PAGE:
The following piece is my thoughts on the nature of revolutionary organisations in Australia today; they are mine alone. I am a member of the Socialist Alliance and of SA's youth organisation, Resistance; in the 2011 NSW state election I was a candidate on Socialist Alliance's upper house ticket. My criticisms of any groups or parties in Australia or abroad, including those I am part of, are in not in any way meant to belittle the noble efforts of those who are part of them. Normally I would have sent this article to someone whose opinion I respect before posting it, but this is my raw opinion on the subject, and I'd love to see debate and criticism of it in the comments below.
An activist from Socialist Alternative, with whom I was discussing my decision to leave that group after some months of membership in 2006 and my later decision to join Resistance in 2007, asked me something along the lines of "surely the question of how we organise can't be the reason why you left?" He is an activist for whom I have a lot of respect; although we'd read each others emails on e-lists, we first met at Australia's first national BDS conference, and he is a leading activist in Palestinian solidarity in his home city. We were both in Sydney for the ALP's national conference, at which there were two major protests to support equal marriage rights and against mistreatment of asylum seekers (my photos to follow soon). Yet despite the fact that we were marching side by side, presenting almost identical demands on these two issues, the thing that seemed the most important to him was whether we agreed on the theory of state capitalism and, thus, Cuba's revolution.
In late 2011 I travelled to the Middle East, largely to try and gain insight on (& show solidarity to) the revolutionary struggle being waged there in the last year, so I am someone who thinks a real understanding of the nature of imperialism is important. Yet to me, the far more important difference is Socialist Alternative's differentiation between propaganda groups and mass parties, and thus their attitude towards organising in Australia today.
The number one sign of a group that has grown too inward-looking is elevation of doctrine and theoretical correctness ahead of the kind of invaluable experience earned in struggle, which is the only way that an activist can truly put their theory & assessments to the test. Despite making obligatory statements against it, this assessment of "The nature & tasks of a small socialist group in Australia today", recently reposted by John Passant, displays exactly that dogmatic approach. This idea of marxism as a static and rigid formula that one can simply read and then apply to everything goes hand in hand with a perspective that one's own group is the only one with the correct theoretical line, and all others are practicing some perversion of marxism. To me, this attitude is ultimately counter-productive to real marxist thought.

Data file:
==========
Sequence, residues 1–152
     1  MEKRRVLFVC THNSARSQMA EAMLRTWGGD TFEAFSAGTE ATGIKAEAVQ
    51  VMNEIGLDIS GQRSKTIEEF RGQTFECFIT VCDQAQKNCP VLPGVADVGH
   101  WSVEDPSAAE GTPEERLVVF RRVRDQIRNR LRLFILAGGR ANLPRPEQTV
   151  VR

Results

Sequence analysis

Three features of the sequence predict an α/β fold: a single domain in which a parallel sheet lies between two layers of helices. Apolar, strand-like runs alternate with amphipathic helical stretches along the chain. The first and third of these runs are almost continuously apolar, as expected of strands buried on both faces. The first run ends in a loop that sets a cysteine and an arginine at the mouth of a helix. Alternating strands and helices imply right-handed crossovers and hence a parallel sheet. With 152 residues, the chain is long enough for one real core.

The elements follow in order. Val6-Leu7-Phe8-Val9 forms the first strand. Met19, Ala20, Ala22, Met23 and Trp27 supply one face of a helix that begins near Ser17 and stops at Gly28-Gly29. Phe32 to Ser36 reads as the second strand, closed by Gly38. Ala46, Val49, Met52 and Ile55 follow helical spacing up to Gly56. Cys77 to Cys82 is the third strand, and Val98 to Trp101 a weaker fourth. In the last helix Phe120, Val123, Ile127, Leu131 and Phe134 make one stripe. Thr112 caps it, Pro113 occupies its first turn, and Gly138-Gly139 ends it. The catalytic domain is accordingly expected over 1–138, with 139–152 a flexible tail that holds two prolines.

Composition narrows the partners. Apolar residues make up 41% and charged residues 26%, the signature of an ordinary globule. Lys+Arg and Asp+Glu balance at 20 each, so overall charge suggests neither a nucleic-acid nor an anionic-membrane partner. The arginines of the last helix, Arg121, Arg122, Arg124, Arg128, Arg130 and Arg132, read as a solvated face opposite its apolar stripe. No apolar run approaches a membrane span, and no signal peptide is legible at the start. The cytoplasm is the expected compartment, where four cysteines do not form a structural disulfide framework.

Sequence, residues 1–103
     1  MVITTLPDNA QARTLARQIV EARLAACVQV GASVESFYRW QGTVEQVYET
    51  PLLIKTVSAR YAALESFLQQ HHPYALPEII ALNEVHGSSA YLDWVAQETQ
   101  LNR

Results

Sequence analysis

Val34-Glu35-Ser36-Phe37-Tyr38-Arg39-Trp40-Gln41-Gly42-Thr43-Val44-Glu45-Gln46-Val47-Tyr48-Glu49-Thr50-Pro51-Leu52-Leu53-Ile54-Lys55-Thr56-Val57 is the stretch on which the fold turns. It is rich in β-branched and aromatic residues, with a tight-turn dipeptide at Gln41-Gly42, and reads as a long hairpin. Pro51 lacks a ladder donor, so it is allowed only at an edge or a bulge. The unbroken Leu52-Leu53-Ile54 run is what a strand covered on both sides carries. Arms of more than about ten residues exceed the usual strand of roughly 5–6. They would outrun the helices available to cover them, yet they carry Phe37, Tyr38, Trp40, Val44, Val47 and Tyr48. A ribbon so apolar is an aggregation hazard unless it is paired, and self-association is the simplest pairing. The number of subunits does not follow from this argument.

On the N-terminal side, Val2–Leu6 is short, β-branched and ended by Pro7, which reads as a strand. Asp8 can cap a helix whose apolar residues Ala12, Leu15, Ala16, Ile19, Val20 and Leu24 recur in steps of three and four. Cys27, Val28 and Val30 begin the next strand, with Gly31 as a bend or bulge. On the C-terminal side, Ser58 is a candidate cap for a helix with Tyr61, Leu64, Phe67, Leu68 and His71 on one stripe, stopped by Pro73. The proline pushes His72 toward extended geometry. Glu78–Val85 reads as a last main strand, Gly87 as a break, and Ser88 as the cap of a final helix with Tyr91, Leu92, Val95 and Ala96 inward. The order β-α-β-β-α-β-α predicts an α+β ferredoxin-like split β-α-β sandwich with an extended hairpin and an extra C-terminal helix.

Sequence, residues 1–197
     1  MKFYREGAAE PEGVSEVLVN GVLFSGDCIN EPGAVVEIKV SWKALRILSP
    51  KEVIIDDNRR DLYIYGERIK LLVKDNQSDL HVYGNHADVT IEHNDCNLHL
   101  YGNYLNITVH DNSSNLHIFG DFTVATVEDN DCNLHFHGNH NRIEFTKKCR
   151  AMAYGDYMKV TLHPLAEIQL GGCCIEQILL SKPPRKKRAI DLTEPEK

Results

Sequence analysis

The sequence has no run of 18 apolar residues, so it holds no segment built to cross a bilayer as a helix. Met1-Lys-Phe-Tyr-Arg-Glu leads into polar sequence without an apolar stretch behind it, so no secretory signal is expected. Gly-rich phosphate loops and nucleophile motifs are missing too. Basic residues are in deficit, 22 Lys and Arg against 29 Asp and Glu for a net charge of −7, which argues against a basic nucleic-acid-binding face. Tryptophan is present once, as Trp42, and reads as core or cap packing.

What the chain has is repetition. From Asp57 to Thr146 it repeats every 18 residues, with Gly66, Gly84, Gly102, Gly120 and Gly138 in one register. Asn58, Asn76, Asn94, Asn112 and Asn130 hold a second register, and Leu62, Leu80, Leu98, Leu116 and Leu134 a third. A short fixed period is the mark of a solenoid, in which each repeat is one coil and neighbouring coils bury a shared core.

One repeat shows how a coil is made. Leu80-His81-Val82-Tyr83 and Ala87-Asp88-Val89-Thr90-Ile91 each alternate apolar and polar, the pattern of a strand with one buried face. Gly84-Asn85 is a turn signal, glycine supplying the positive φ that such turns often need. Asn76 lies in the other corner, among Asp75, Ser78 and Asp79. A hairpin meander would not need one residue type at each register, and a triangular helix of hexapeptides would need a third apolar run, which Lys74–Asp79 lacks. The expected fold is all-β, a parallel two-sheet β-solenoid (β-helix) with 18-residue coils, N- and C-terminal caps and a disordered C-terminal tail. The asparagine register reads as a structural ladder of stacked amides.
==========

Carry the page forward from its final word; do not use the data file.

If our primary goal is "arguing our ideas – selling our magazine, running information stalls, holding meetings, talking to individuals, organising study groups, selling books – not agitating for mass action or running for parliament", then having arguments over differences in marxist thought and ensuring that we all get on the same page theoretically is the only useful task during a period of little sustained struggle against capitalism. Thus, I can see why the comrade I was speaking to would place such significance on what I see to be a relatively small point of theoretical difference – important, but not hugely relevant to our understanding of the nature of modern Australian capital or the best strategy for revolutionary Australian socialists to work towards overthrowing it.
The fact that small-scale struggles often break out locally, or that there has been some exciting openings in campaigns relating to mass audiences in recent years, such the movement against coal seam gas mining or the one for equal marriage rights, thus only presents a new audience with whom to have such arguments; those who agree with you or can be won to your position, you recruit, and the rest you attempt to get behind your banner or condemn as "liberal". Bearing such a "sectarian" attitude is a complaint commonly thrown against any socialists attempting to work in such movements, including myself; most of the time it is pure red-baiting by those who either ideologically or personally see socialists within movements as a threat. Yet the organisational approach of SAlt argued in this document to me seems prone to such a counter-productive attitude, or, at the very least, unconcerned with the potential for activists to fall into such an approach.